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Building a Better Middleman



What comes to mind when you hear the term “two-sided market?” Maybe you imagine a Party A who needs something, so they interact with Party B who provides it, and that’s that.  Despite the number “two” in the name, there’s actually someone else involved: the middleman.  This entity sits between the parties to make it easier for them to interact. (We can generalize that “two” to some arbitrary number and call this an N-sided market or multi-sided marketplace. But we’ll focus on the two-sided form for now.)

Two-sided markets are a fascinating study. They are also quite common in the business world, and therefore, so are middlemen. Record labels, rideshare companies, even dating apps all fall under this umbrella.  The role has plenty of perks, as well as some sizable pitfalls.  “Middleman” often carries a negative connotation because, in all fairness, some of them provide little value compared to what they ask in return.

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Still, there’s room for everyone involved—Party A, Party B, and the middleman—to engage in a happy and healthy relationship.  In this first article, I’ll explain more about the middleman’s role and the challenges they face.  In the next article, I’ll explore what it takes to make a better middleman and how technology can play a role.

Paving the Path

When I say that middlemen make interactions easier, I mean that they address a variety of barriers:

  • Discovery: “Where do I find the other side of my need or transaction?” Dating apps like OKCupid, classified ads services such as Craigslist, and directory sites like Angi (formerly Angie’s List) are all a twist on a search engine. Party A posts a description of themself or their service, Party B scrolls and sifts the list while evaluating potential matches for fit.
  • Matching: “Should we interact? Are our needs compatible?” Many middlemen that help with discovery also handle the matching for you, as with ride-share apps.  Instead of you having to scroll through lists of drivers, Uber and Lyft use your phone’s GPS to pair you with someone nearby.  (Compared to the Discovery case, Matching works best when one or both counterparties are easily interchangeable.)
  • Standardization: “The middleman sets the rules of engagement, so we all know what to expect.”  A common example would be when a middleman like eBay sets the accepted methods of payment.  By narrowing the scope of what’s possible—by limiting options—the middleman standardizes how the parties interact.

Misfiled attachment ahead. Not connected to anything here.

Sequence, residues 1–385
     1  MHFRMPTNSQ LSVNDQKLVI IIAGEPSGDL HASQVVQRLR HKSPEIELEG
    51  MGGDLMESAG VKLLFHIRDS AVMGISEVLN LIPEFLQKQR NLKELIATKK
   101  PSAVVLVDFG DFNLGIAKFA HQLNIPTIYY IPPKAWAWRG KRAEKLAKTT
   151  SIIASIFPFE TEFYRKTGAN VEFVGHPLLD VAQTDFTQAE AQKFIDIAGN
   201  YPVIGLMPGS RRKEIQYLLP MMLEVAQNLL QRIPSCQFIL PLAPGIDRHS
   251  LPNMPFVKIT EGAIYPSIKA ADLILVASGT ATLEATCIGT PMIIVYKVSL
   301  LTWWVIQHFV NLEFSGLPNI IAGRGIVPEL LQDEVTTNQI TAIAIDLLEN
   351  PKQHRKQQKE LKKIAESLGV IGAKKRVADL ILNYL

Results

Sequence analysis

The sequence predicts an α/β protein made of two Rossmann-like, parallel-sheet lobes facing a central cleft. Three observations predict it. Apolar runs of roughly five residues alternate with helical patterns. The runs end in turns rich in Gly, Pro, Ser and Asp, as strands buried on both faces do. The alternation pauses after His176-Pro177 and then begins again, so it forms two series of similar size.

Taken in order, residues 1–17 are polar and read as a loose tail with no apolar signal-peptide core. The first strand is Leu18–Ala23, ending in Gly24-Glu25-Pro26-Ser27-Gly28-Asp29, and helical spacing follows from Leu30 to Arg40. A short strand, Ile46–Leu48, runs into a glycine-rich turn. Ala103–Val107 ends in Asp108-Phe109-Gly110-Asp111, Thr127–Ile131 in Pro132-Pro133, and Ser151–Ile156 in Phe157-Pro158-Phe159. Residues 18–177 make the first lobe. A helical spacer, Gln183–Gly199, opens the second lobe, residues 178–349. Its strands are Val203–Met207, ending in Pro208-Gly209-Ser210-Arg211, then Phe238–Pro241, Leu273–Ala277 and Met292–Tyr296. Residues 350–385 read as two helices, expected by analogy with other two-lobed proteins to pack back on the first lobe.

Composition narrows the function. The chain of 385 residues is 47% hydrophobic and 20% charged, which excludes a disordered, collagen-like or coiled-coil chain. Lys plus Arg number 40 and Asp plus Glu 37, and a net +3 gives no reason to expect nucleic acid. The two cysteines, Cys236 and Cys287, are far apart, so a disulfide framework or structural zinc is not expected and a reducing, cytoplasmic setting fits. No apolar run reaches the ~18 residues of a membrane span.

• Safety: “I don’t have to know you in order to exchange money with you.” Stock market exchanges and credit card companies build trust with Party A and Party B, individually, so the two parties (indirectly) trust each other through the transitive property.
  • Simplicity: “You two already know each other; I’ll insert myself into the middle, to make the relationship smoother.” Stripe and Squarespace make it easier for companies to sell goods and services by handling payments.  And then there’s Squire, which co-founder Songe Laron describes as the “operating system for the barber shop, [handling] everything from the booking, to the payment, to the point of sales system, to payroll,” and a host of other frictions between barber and customer.  In all cases, each party gets to focus on what it does best (selling goods or cutting hair) while the middleman handles the drudgework.

Nice Work, If You can Get It

As far as their business model, middlemen usually take a cut of transactions as value moves from Party A to Party B. And this arrangement has its benefits.

For one, you’re first in line to get paid: Party A pays you, you take a cut, then you pass the rest on to Party B.  Record labels and book publishers are a common example.  They pair a creator with an audience.  All of the business deals for that creator’s work run through the middleman, who collects the revenue from sales and takes their share along the way.

(The music biz is littered with stories of artists getting a raw deal—making a small percentage of revenue from their albums, while the label takes the lion’s share—but that’s another story.)

Then there’s the opportunity for recurring revenue, if Party A and Party B have an ongoing relationship.  Companies often turn to tech staffing agencies to find staff-augmentation contractors.  Those agencies typically take a cut for the entire duration of the project or engagement, which can run anywhere from a few weeks to more than a decade.  The staffing agency makes one hell of a return on their efforts when placing such a long-term contractor. Nice work, if you can get it.

Staffing agencies may have to refund a customer’s money if a contractor performs poorly.  Some middlemen, however, make money no matter how the deal ultimately turns out.  Did I foolishly believe my friend’s hot stock tip, in his drunken reverie, and pour my savings into a bad investment? Well, NYSE isn’t going to refund my money, which means they aren’t about to lose their cut.

A middleman also gets a bird’s-eye view of the relationships it enables.  It sees who interacts with whom, and how that all happens.  Middlemen that run online platforms have the opportunity to double-dip on their revenue model: first by taking their cut from an interaction, then by collecting and analyzing data around each interaction.  Everything from an end-user’s contact or demographic details, to exploring patterns of how they communicate with other users, can be packaged up and resold.  (This is, admittedly, a little shady. We’ll get to middlemen’s abuse of privilege shortly.)

Saddling Some Burdens, Too

Before you rush out to build your own middleman company, recognize that it isn’t all easy revenue.  You first need to breathe the platform into existence, so the parties can interact.  Depending on the field, this can involve a significant outlay of capital, time, and effort.  Then you need to market the platform so that everyone knows where to go to find the Party B to their Party A.